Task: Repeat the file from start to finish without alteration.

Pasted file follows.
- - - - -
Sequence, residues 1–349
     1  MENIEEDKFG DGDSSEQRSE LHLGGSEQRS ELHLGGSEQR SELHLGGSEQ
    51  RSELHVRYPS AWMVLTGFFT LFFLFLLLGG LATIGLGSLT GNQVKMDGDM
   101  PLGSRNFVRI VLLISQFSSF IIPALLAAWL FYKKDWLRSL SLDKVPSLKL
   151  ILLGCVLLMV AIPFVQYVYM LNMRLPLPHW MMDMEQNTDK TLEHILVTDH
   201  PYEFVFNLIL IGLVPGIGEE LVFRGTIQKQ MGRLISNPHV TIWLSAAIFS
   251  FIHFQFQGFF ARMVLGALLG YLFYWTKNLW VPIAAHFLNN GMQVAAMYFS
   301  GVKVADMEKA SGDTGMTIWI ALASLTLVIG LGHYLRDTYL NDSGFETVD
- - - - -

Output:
Sequence, residues 1–349
     1  MENIEEDKFG DGDSSEQRSE LHLGGSEQRS ELHLGGSEQR SELHLGGSEQ
    51  RSELHVRYPS AWMVLTGFFT LFFLFLLLGG LATIGLGSLT GNQVKMDGDM
   101  PLGSRNFVRI VLLISQFSSF IIPALLAAWL FYKKDWLRSL SLDKVPSLKL
   151  ILLGCVLLMV AIPFVQYVYM LNMRLPLPHW MMDMEQNTDK TLEHILVTDH
   201  PYEFVFNLIL IGLVPGIGEE LVFRGTIQKQ MGRLISNPHV TIWLSAAIFS
   251  FIHFQFQGFF ARMVLGALLG YLFYWTKNLW VPIAAHFLNN GMQVAAMYFS
   301  GVKVADMEKA SGDTGMTIWI ALASLTLVIG LGHYLRDTYL NDSGFETVD